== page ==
As I collected myself, Tim helped me back to my chair. I sat there, continuing to cry. Bud waited until I was completely composed.
“My friends, I have my answer,” Bud said. “This meeting is adjourned. We will reconvene tomorrow morning at 6:00 a.m. in this room. Please say a prayer for Harry and his loved ones tonight. . . Cort, please stay behind. I want to discuss something with you.”
I returned to my seat, and the room emptied except for Bud and me.
“I want to thank you for having the courage to fess up to what we caused here today,” Bud said. “We killed a man, and you were the only member of my staff willing to say why. I knew you’d be the one.”
“You’re welcome, sir. But I don’t deserve to be praised for what I did. I should be in jail for not doing whatever is necessary to protect anyone who sets foot on this site. That’s our primary responsibility, and I failed at it miserably. And what disappoints me the most is that I failed not because I made an honest mistake; I failed because I’m an ignorant bigot.”
“We all failed. This is not yours to shoulder alone,” Bud replied. “We all will have to come to terms with what happened today.”
Cort walked away from that tragedy with two key lessons:
- First – group think is real and powerful. We are so influenced by those we consider peers and leaders that we can begin to think, say, and do things we normally wouldn’t––even when those choices contradict what we truly believe and value.
- Second – how we relate to and treat our people has as much to do with their performance as any system or process that can be imposed on them. In other words, who one is being is as important as what one is doing. Instead of asking yourself, “What do I need to do in this situation”, ask yourself, “Who do I need to be in this situation to be my most effective?” That could be a guide, a teacher, or a listener. Not just a boss.
When the contractor died, Cort’s plant was deemed one of the safest, buoyed by the best systems and processes in the company. But because they didn’t see the contractors as worthy of their concern, they didn’t apply those highly touted systems to the contractors the way they applied them to their own employees. The fatality was not a result of a failed system or process. As Cort says, “A man died because we failed to be who we genuinely are, and we didn’t act in a way that reflected our integrity.”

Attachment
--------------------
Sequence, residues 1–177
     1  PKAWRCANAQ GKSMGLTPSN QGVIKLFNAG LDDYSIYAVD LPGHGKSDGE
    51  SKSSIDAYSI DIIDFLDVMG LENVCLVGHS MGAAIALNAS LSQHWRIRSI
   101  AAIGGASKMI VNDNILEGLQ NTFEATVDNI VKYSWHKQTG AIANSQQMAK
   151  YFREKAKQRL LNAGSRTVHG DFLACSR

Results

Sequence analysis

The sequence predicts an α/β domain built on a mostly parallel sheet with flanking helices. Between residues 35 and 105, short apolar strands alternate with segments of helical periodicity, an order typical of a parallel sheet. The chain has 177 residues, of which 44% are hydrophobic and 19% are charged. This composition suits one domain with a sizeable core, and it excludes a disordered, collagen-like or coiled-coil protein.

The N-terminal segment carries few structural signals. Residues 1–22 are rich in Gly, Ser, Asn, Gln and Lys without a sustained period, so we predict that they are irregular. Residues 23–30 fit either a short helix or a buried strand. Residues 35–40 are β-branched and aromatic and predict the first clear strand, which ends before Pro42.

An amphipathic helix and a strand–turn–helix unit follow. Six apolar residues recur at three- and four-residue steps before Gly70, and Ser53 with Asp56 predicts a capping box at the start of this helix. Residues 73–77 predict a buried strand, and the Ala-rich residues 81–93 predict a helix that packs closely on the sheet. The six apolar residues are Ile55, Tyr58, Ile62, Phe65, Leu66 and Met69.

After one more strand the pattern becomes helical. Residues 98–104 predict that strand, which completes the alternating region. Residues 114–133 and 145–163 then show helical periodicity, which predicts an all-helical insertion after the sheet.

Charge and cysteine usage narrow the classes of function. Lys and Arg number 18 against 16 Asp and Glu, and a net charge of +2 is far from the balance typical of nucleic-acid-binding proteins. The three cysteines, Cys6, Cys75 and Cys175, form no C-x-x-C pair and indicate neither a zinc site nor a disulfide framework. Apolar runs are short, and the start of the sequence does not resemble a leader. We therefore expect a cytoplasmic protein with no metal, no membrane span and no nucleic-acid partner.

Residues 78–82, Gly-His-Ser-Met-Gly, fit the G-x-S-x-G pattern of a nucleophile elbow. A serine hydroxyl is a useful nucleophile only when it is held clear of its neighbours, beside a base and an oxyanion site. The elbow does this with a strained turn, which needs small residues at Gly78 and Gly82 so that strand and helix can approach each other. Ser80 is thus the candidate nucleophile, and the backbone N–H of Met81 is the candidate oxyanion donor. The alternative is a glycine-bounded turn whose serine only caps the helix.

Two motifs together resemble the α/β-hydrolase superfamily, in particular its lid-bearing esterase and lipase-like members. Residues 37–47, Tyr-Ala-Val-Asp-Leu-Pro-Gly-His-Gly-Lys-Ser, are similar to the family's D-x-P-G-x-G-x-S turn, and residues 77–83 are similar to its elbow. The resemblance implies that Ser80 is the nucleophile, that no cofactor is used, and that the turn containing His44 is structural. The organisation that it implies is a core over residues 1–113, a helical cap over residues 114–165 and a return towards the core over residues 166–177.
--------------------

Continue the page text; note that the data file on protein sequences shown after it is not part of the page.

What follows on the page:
What he did about it
- Cort developed a complete overhaul to the approach the company took to working with contractors, centered on the principle that “the only difference between a contractor and one of us is that our paychecks have different company names on them.”
- Under the guidance of his plant manager, Cort developed a personal stand that has guided him to this day. It’s a carefully written commitment “to the health, safety, and well-being of the men and women who design, build, operate, and maintain our world.”
- Cort placed a recurring 7:00 a.m. notification in his Google calendar to remind him at the dawn of each new day who he truly is and to what he is really committed, using that stand.
That stand and its daily reminder is one of dozens of game-changing leadership principles Cort outlines in his book.
You can learn more about Cort, his performance coaching, and book at cortdial.com/leadwithastory/.
Paul Smith is one of the world’s leading experts on business storytelling. He’s a keynote speaker, storytelling coach, and bestselling author of the books Lead with a Story, Parenting with a Story, and Sell with a Story.